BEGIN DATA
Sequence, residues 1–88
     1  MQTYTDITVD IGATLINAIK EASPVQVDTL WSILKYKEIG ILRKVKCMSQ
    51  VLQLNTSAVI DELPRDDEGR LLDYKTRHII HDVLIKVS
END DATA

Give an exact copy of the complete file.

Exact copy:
Sequence, residues 1–88
     1  MQTYTDITVD IGATLINAIK EASPVQVDTL WSILKYKEIG ILRKVKCMSQ
    51  VLQLNTSAVI DELPRDDEGR LLDYKTRHII HDVLIKVS